Make no mistake, if you want to add support for all these features in your data objects you are going to have to do much typing and sweating yourself, since you get almost nothing for free. However, knowing about all these features means that you can take advantage of the effort of other people who can afford more staff than you, and therefore have the resources to add all this functionality to their data objects e.g. minimal$oft.

For example, take a look what happens when you copy some text in WordPad. If you view the clipboard contents using DataObject Viewer which by the way is an extremely useful tool & part of the Developer Studio you'll discover no less than eight different formats for the words you copied (people work for their monies in Redmond). How does this viewer tool get all this information? Here's what it must be doing, if my hunch is correct:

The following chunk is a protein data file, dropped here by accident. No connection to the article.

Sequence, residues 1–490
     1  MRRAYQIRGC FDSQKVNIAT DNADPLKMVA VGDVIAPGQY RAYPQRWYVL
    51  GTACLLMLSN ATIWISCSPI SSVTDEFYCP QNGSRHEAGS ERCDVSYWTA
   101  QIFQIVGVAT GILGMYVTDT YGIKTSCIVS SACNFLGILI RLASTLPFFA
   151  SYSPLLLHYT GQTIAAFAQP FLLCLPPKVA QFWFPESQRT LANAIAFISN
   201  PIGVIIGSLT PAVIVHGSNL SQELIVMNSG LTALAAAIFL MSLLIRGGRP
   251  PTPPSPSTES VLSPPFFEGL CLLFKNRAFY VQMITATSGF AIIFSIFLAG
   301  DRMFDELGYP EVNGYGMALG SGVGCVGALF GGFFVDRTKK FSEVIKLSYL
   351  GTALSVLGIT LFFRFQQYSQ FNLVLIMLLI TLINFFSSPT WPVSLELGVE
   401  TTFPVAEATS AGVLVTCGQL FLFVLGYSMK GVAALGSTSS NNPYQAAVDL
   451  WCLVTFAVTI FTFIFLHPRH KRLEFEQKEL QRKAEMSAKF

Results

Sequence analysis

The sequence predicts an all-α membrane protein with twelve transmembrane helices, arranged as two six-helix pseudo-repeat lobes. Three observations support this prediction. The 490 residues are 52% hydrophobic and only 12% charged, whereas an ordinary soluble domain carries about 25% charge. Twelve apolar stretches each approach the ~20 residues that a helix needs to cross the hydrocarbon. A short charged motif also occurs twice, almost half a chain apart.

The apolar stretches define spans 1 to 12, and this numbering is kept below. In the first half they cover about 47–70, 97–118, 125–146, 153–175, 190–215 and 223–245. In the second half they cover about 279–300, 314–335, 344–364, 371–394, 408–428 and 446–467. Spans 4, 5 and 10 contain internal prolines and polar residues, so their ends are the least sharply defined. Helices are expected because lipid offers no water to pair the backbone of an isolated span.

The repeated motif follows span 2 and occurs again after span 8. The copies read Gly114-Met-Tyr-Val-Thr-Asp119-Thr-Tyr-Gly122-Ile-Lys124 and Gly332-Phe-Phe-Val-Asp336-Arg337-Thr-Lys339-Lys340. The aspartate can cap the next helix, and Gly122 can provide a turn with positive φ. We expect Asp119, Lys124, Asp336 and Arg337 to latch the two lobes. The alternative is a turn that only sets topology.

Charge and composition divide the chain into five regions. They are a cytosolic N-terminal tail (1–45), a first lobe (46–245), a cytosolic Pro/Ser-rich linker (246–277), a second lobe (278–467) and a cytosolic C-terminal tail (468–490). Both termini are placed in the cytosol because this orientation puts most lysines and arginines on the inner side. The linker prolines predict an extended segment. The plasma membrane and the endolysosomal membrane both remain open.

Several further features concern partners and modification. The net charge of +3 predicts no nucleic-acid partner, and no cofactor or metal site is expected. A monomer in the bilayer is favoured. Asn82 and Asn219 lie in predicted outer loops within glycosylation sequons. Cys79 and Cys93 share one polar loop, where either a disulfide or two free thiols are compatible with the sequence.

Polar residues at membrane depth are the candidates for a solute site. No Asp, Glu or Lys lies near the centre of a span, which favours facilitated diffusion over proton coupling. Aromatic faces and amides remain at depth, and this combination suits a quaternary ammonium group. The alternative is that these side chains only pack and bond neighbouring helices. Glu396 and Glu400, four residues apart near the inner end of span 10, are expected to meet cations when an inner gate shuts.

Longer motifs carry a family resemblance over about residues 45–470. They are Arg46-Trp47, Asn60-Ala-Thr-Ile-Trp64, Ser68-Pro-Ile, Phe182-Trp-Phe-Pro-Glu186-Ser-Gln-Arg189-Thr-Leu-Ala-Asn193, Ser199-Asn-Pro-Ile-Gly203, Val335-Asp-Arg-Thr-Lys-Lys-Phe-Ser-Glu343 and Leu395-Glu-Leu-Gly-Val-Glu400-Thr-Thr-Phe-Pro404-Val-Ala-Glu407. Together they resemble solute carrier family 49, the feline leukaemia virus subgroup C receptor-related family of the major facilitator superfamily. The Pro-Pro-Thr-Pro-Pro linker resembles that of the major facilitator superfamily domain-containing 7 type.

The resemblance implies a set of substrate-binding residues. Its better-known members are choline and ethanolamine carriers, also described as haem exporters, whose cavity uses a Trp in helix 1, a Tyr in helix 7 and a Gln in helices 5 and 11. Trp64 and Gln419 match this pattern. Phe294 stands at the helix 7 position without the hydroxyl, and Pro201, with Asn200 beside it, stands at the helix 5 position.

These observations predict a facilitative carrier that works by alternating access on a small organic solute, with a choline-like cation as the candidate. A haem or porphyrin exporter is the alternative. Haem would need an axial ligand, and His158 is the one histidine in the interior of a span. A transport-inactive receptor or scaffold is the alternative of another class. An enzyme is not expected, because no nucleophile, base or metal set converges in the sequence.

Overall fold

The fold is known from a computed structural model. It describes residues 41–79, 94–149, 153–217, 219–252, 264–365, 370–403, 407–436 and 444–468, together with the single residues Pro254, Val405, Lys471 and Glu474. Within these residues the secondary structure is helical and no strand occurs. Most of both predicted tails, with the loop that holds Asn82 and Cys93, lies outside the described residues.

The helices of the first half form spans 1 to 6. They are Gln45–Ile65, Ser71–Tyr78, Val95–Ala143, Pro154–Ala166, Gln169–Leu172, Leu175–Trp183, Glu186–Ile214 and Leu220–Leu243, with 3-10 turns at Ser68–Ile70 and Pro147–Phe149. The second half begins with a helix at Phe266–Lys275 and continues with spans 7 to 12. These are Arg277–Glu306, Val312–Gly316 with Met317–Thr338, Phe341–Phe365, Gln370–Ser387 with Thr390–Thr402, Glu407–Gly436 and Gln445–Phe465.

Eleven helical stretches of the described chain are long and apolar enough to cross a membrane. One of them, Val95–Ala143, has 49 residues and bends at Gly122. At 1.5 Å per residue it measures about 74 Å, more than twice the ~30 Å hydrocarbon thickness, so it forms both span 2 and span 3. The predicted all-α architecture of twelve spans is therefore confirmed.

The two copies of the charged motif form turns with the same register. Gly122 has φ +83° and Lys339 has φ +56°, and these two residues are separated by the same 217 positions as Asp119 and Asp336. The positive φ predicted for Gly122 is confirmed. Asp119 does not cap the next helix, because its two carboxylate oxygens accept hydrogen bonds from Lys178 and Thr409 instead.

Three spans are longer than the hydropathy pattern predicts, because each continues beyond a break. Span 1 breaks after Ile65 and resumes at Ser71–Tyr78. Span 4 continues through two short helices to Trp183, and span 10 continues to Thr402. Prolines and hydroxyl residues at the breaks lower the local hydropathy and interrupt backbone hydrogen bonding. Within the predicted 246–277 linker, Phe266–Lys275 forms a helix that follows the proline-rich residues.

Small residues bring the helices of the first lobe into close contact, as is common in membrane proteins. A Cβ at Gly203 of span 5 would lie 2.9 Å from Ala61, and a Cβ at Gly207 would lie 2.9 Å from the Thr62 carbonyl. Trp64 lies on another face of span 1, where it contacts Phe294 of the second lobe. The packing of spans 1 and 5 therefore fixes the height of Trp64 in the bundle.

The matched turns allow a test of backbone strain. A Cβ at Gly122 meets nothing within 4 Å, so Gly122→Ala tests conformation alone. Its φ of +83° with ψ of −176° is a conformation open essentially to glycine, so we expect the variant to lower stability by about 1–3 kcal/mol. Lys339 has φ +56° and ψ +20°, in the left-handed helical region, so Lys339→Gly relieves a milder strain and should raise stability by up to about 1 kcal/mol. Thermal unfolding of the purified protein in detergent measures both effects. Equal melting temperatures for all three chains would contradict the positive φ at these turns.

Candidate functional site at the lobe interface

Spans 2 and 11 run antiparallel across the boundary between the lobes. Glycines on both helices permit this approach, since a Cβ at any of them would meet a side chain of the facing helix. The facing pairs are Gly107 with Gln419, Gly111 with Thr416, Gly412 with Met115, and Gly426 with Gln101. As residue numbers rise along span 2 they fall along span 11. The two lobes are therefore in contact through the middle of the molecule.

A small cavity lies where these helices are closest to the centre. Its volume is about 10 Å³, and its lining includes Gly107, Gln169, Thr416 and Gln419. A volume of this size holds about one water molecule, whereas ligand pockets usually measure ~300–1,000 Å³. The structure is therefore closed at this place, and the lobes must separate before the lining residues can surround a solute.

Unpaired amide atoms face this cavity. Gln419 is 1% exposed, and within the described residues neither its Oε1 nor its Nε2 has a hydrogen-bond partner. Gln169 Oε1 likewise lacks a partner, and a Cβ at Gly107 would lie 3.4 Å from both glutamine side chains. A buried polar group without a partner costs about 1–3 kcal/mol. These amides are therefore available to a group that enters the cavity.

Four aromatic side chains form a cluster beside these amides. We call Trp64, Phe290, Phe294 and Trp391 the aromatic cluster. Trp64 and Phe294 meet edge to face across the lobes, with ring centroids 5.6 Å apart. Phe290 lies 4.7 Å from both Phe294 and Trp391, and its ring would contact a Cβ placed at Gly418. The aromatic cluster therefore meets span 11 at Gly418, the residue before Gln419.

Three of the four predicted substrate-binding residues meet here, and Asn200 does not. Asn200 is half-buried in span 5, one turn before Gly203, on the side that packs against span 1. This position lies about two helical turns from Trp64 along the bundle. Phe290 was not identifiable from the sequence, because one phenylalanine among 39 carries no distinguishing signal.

IDataObject* pDataObj;
// open the clipboard and access the current data object
HRESULT hr = OleGetClipboard(&pDataObj);

IEnumFORMATETC* pEnumFmt;
// enumerate the available formats supported by the object
hr = pDataObj->EnumFormatEtc(DATADIR_GET, &pEnumFmt);
FORMATETC fmt;
TCHAR szBuf[100];
while(S_OK == pEnumFmt->Next(1, &fmt, NULL)) {
   GetClipboardFormatName(fmt.cfFormat, szBuf, sizeof(szBuf));
   // remaining entries read from "fmt" members
}

pEnumFmt->Release();
pDataObj->Release();